How Seniors Can Avoid Being Swindled and Scammed
Anyone can fall victim to a scam but con artists have set their sights on older adults and made senior citizens their prime target. Each year, Seniors in the US, are swindled out of an estimated $37 billion according to a report by True Lin Financial. They are scammed mainly through financial exploitation, criminal fraud, and caregiver abuse. To help seniors avoid being swindled and scammed Alcatraz East Crime Museum and AARP have joined efforts on a temporary exhibit to help seniors recognize, refuse, and report scams.
“We all want to protect our aging parents and loved ones,” said Janine Vaccarello, chief operating officer for Alcatraz East. “The more people understand how victims are targeted, the more we can do to protect ourselves from these crimes.”
Check out these simple ways that Seniors and their caregivers can help avoid being swindled and scammed.
- Remember Anyone Can Be A Victim – Scammers are getting smarter every day and no one is exempt from being a target. Even educated people are preyed upon and often times scammers use fear to make people forget rational thinking.
- Be Aware That Scams Exist – When being approached by people that you are unfamiliar with in person, on the phone, via email, or on social media consider the possibility that it is a scam. A good thing to remember if it is too good to be true most likely it is.
- Make Sure You Know Who You Are Dealing With – Do your research if you have only met the person online or briefly in person. If you can’t find any information reach out to someone else for help.
- Don’t Open Suspicious Emails or Links – If you are unsure who something is from of the link looks suspicious just delete. If you aren’t sure it is a company you deal with contact them through the methods you know how not through the links in the email.
- Keep Your Information Secure – Make sure to you passwords that are not easily known to others and lock your computer when you are not home to avoid others signing on without your knowledge. If you have a home Wi-Fi network, make sure that you have it secured with a password and not open to anyone.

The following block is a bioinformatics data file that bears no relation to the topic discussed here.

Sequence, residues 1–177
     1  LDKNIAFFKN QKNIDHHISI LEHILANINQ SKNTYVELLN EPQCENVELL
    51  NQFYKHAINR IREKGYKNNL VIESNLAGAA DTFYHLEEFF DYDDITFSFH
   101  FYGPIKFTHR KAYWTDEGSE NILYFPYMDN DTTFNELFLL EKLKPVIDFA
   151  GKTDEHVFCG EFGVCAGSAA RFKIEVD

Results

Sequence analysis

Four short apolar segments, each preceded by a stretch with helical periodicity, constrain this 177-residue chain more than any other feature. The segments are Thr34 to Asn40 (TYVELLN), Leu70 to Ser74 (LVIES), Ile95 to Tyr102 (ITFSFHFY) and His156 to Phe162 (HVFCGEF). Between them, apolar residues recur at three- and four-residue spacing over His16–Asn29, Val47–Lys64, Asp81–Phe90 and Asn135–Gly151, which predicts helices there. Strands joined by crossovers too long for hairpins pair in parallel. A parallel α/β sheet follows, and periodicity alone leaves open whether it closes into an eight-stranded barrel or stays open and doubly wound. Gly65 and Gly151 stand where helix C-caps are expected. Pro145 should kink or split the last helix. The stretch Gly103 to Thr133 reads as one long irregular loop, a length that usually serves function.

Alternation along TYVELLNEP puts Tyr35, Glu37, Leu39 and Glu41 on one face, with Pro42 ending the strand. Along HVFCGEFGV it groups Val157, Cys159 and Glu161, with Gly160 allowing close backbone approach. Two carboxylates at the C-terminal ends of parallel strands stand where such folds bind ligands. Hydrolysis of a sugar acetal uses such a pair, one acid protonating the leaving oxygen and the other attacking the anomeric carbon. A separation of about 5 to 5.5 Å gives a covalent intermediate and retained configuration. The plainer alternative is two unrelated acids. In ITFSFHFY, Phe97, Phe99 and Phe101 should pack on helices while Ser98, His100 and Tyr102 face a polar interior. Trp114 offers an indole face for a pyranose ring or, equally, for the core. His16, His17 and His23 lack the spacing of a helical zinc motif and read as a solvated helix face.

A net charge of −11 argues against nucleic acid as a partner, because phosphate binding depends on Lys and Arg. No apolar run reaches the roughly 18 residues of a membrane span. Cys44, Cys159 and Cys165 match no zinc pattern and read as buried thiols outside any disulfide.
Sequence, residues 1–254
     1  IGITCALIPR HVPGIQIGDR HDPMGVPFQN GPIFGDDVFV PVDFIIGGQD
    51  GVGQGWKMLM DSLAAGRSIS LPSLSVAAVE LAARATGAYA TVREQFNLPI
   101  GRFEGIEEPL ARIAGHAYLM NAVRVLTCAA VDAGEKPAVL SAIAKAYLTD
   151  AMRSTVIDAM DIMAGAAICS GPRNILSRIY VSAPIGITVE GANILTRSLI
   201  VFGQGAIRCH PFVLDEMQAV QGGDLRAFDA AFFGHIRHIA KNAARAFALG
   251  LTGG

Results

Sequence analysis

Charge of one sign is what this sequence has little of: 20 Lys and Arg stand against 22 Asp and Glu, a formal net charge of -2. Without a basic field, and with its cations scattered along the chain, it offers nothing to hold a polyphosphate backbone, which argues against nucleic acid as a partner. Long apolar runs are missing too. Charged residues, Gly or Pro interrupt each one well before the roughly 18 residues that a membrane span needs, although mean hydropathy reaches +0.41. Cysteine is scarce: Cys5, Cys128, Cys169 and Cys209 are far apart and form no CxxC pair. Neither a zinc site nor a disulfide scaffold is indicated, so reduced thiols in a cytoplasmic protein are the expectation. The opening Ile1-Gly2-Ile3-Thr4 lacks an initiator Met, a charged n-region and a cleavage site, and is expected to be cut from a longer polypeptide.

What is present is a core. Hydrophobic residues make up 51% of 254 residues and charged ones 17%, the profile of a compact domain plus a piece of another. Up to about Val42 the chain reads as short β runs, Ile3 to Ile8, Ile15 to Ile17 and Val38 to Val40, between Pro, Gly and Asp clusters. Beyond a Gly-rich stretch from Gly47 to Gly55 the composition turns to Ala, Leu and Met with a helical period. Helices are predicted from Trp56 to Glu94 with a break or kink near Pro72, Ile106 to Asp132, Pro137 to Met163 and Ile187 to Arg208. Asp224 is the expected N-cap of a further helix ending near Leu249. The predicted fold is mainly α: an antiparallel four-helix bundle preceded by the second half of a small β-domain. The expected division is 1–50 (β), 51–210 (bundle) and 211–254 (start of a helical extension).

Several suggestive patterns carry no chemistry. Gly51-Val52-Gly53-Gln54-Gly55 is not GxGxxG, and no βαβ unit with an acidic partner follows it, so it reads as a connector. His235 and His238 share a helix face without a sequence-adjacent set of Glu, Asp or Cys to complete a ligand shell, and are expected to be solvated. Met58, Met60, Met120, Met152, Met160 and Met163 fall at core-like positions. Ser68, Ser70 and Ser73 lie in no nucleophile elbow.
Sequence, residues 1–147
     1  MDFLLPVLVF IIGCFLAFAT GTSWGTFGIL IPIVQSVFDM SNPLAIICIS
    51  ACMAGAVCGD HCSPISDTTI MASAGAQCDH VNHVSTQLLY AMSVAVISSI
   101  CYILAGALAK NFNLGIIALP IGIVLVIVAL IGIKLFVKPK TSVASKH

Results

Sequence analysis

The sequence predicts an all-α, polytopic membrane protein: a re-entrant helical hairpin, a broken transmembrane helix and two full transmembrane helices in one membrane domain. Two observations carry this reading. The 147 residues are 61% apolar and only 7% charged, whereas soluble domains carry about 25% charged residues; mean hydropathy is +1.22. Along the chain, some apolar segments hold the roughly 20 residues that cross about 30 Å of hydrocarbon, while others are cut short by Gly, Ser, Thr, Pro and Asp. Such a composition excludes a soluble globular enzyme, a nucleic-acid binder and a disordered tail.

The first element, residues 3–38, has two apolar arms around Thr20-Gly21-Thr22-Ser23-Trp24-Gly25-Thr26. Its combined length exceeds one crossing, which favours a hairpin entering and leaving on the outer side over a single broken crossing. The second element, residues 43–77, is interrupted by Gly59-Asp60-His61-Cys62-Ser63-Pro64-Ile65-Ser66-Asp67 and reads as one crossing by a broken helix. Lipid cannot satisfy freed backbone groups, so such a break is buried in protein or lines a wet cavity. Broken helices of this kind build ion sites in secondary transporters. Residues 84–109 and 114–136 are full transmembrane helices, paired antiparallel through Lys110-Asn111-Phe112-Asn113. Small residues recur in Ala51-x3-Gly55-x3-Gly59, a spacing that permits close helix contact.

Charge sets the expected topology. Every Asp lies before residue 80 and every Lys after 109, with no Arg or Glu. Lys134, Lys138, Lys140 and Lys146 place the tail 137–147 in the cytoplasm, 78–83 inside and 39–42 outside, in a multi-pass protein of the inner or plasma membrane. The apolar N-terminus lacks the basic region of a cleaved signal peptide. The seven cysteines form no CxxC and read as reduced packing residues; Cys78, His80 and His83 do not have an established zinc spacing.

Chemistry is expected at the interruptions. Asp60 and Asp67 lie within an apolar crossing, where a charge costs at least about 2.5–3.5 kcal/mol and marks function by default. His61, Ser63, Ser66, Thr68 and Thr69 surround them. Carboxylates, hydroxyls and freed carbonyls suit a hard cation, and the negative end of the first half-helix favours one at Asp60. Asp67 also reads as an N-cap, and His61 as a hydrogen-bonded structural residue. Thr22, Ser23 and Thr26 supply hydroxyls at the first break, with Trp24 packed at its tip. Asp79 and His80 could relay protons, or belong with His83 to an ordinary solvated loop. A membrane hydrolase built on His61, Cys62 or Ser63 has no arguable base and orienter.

- Be Careful When Shopping Online – Make sure you are shopping on trusted sites and that they have a secured network for submitting information. Look for the “https” before their web address.
These are just a few tips to help you avoid being swindled and scammed. It is important to remember that scams come in all forms and anyone is a possible victim. Check with your local senior center to see if they offer classes on computer usage or ways to help make sure you are protected online.
Alcatraz East and the AARP Foundation are doing their part with the year-long exhibit which is titled “Scamalot: Conquring the Con” and opens on September 21, 2017. The exhibit was created by AARP Foundation’s fraud experts and is hosted by Alcatraz East. Visitors will encounter fraud in its various forms, including impostor scams, investment fraud and lottery scams. The exhibit will also feature stories of notable fraudsters, such as Charles Ponzi, and information on how the public can protect themselves from scams. Among the exhibit’s features will be objects related to infamous fraudsters Bernie Madoff, Lou Pearlman and David Hampton. Visitors will also be able to test their scam spotting skills through interactive displays.
“Scamalot” will explore common scams and how to avoid them, including:
- IRS scams, in which a caller posing as an Internal Revenue Service agent threatens the victim with arrest if they don’t pay.
- Tech support scams, in which fraudsters gain access to personal information by offering to “fix” a nonexistent computer virus.
- Sweepstakes scams, which promise a large cash prize in return for a “claim fee.”
“Con artists have their sights set on older adults,” said Emily Allen, senior vice president of programs for AARP Foundation. “Seniors are likely to have accumulated savings, own their home and have good credit — making them attractive targets. We developed ‘Scamalot: Conquering the Con’ to build awareness and understanding of the different types of fraud.”
The museum is open 365 days a year, from 10 a.m. to 9 p.m., with the last ticket sold 60 minutes before closing. For more information and to purchase tickets, visit www.alcatrazeast.com.
For more information you can visit AARP Foundation and Alcatraz East online.